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Teamwork makes the dream work... efficient and organized teamwork does, anyways.
If your teamwork isn’t up to snuff, it can create more problems than you could ever imagine. With that being said, getting your development team in sync isn’t as daunting as it sounds. In fact, most of the resources I now use daily were brand new to me when I started working at Atypic. Unlike my last position, where I only ever worked with the other developers if we really needed help or a second pair of eyes, here at Atypic we frequently have multiple developers working on different tasks within the same project, sometimes at the same time. It was such a foreign concept to me. I had no idea how to keep up with what others were doing or if my changes would affect their code and vice-versa. Thankfully, my team was more than happy to share their knowledge with me and help get me on board with their processes.
I want to share two resources that I learned from my peers that made programming in a team easier than I could ever imagine.
Git & Rebase Command
First off, let’s talk about Git. I’ll be honest, Git scares the heck out of me. There’s so many commands and it’s not that hard to completely mess up your project if you don’t know what you’re doing. Luckily, you don’t need to memorize that many commands to be able to program effectively, in a team or by yourself. Everyone knows push, pull, checkout, and merge, but I want to talk about my new favorite Git command, rebase. The concept of rebasing is simple: you basically just catch up one branch to another. For example, let’s say you have a master branch for your live site and a feature branch for your dev site. As normal, you make your updates to the feature branch and merge them into master whenever they’re ready to be taken live. But, what happens when a hotfix is needed immediately and your feature branch isn’t ready to go live yet? You could just make the fix right on the master branch, but now that fix won’t appear on your dev site. You could just make the fix on both branches, but that’s redundant, time consuming, and basically asking for merge conflicts to happen. That’s where rebasing comes in.
Our development team has found that creating feature branches for every update, merging them into a develop branch for testing on a development site, and then merging into the master branch for deploying to the live site is the best way to keep our repositories nice and clean while being able to work on multiple updates in the same project. Each step of the process rebases our code with the upstream, so we know that our code will never be out of sync with other team members’ updates. And, if anything weird happens, we usually hop on a Slack call and rebase the branch together so we know what updates belong where. For more detailed information, check out the official documentation for the rebase command.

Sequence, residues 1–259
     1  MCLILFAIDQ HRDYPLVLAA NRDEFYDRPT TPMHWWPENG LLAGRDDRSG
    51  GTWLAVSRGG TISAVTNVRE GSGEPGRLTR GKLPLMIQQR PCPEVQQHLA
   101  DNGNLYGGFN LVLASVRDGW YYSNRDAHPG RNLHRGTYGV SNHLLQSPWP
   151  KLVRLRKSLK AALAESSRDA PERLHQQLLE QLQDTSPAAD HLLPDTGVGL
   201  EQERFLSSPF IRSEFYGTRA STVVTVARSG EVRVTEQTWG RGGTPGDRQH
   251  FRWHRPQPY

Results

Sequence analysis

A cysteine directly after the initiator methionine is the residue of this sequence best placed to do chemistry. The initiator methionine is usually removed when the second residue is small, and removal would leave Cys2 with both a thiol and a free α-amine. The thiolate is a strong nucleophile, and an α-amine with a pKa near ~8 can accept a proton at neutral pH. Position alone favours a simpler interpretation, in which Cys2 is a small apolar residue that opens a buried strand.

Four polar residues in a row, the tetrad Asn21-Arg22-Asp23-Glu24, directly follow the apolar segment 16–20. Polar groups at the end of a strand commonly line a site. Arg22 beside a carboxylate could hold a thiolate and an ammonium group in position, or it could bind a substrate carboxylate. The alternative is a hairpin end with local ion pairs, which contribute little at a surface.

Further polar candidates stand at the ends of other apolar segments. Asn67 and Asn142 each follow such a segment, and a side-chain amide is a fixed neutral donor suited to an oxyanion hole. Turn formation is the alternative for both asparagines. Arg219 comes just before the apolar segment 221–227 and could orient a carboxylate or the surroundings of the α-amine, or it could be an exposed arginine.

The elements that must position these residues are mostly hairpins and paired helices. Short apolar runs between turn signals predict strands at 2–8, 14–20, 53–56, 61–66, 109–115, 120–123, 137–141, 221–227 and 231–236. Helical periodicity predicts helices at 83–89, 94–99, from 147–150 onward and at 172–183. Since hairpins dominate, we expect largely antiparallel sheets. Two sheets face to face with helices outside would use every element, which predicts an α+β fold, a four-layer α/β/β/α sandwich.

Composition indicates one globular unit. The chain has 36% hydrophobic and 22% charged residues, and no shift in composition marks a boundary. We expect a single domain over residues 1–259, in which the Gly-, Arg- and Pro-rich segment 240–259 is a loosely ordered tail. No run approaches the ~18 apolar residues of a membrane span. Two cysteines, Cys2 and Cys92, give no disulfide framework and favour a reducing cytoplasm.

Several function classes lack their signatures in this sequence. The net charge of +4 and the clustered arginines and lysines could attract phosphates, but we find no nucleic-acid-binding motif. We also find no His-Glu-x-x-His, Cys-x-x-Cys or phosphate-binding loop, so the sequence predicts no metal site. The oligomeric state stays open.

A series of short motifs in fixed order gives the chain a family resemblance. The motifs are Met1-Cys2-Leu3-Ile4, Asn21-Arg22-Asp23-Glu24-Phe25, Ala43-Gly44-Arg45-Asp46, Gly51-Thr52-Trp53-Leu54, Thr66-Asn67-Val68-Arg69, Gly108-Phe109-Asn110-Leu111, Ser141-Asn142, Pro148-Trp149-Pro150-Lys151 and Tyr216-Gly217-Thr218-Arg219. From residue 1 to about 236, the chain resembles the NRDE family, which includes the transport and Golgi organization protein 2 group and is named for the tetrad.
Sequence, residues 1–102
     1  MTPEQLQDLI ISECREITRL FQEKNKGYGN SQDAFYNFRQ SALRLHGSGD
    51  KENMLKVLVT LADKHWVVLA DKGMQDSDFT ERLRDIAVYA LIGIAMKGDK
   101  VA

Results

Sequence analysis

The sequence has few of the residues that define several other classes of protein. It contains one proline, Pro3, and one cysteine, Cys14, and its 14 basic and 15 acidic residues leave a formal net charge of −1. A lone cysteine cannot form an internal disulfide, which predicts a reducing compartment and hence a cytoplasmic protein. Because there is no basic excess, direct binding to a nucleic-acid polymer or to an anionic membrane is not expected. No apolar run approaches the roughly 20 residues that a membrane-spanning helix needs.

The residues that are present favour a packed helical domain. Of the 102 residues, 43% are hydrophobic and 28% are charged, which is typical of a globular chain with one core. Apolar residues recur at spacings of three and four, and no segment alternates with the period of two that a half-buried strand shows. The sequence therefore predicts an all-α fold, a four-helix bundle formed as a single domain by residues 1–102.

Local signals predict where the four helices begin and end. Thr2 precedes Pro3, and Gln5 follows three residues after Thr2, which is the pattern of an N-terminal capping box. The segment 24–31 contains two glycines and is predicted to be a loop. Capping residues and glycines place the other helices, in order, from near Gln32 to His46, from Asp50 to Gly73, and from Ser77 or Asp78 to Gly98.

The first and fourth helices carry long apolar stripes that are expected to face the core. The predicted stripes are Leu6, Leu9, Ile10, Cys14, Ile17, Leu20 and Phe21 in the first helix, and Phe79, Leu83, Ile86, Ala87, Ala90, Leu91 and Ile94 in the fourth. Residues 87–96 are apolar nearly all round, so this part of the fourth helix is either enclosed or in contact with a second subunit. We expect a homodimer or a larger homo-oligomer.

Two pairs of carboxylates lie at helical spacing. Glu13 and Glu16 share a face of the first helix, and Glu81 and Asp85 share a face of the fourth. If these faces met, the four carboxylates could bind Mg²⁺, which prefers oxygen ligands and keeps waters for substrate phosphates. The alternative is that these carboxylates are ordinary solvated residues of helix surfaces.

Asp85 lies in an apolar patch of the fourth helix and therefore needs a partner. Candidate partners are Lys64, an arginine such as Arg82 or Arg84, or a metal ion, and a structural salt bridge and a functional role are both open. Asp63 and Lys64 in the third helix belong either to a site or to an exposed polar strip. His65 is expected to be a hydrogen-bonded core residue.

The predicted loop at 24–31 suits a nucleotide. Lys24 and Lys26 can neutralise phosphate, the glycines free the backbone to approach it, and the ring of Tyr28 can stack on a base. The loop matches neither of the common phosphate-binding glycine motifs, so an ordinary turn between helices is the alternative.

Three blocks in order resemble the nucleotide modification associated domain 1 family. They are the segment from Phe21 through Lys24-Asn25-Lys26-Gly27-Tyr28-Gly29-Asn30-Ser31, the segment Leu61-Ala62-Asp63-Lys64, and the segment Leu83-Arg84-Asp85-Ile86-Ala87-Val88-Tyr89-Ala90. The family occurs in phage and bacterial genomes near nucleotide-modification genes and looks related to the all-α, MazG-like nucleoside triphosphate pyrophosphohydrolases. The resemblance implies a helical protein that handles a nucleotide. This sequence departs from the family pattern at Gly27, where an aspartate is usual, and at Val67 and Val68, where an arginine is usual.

Visual Studio Code Live Share Extension
Now that we know how to rebase our branches so that the repository is kept nice and clean, let’s take a look at another aspect of being in a development team and pair programming. When we’re in the office, pair programming is as simple as walking over to another team member’s desk and getting started. Unfortunately, since working from home, that’s no longer possible. However, thanks to Visual Studio Code’s Live Share extension, we can pair program from home just as easily as we can in the office. All you need to do is download Visual Studio Code, install the Live Share extension, sign in with a Github or Microsoft account, and you’re ready to go. Starting up a Live Share session automatically copies an invite link to your clipboard, so after your programming partner follows the above instructions, they just need to open the invite link and they’re in! You can set permissions, share servers and terminals, and there’s even a handy “pin” button that allows you to follow where your partner is in the code in real time. It also automatically appends a notice to your next commit message saying that you collaborated on this update and displays your partner’s email address. Microsoft has a more in-depth guide for installation and usage specifics that I recommend reading into.
As a developer, it’s imperative that my code is clean, working, and well organized. There’s no telling who or when someone is going to be looking at it, making updates to it, or using it as a reference for another project. Learning how to rebase in Git and using Live Share to pair program on difficult tasks have significantly enhanced my ability to be a more effective programmer and team member.
What Is Rebasing?
Rebasing is an incredibly useful Git command that "catches up" a side branch with a main branch while still keeping all the updates made to the side branch.
Basically, the side branch becomes a copy of the main branch and then all the changes that weren't on the main branch are added back in.
The act of rebasing:
1. Checks the commits of both branches
2. Saves any commits that are present in the current branch but not in the upstream branch to a temporary area
3. Resets the current branch to the upstream branch
4. Applies those set aside commits to the updated current branch
For example, let’s say that your master branch has commits A, B, and C, your feature branch has D, E, and F, and the hotfix adds commit G. First, we would want to merge hotfix onto master, so master has A, B, C, and G. Then all we have to do is rebase feature with master, so now feature has commits A, B, C, G, D, E, F. If there ends up being merge conflicts when you’re rebasing, Git will take you step by step through each commit, let you resolve the conflict and then continue rebasing with git rebase --continue, or just skip the conflicting commit with git rebase --skip. Pretty simple, right?